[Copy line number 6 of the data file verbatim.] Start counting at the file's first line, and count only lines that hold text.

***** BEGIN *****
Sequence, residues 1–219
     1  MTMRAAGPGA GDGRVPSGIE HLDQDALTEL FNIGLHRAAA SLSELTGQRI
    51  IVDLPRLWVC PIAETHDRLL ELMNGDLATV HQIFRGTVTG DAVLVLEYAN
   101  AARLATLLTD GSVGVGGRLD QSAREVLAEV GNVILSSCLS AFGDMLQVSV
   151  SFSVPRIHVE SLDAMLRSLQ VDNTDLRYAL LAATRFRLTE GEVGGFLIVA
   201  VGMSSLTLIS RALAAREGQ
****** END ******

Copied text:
   201  VGMSSLTLIS RALAAREGQ